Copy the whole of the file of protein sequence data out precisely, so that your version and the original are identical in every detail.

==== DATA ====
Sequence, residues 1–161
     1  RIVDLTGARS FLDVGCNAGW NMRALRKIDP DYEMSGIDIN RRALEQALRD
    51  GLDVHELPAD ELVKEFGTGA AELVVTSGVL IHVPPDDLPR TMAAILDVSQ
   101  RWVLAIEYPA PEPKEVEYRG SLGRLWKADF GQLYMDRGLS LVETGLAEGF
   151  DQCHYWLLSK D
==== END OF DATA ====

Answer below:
Sequence, residues 1–161
     1  RIVDLTGARS FLDVGCNAGW NMRALRKIDP DYEMSGIDIN RRALEQALRD
    51  GLDVHELPAD ELVKEFGTGA AELVVTSGVL IHVPPDDLPR TMAAILDVSQ
   101  RWVLAIEYPA PEPKEVEYRG SLGRLWKADF GQLYMDRGLS LVETGLAEGF
   151  DQCHYWLLSK D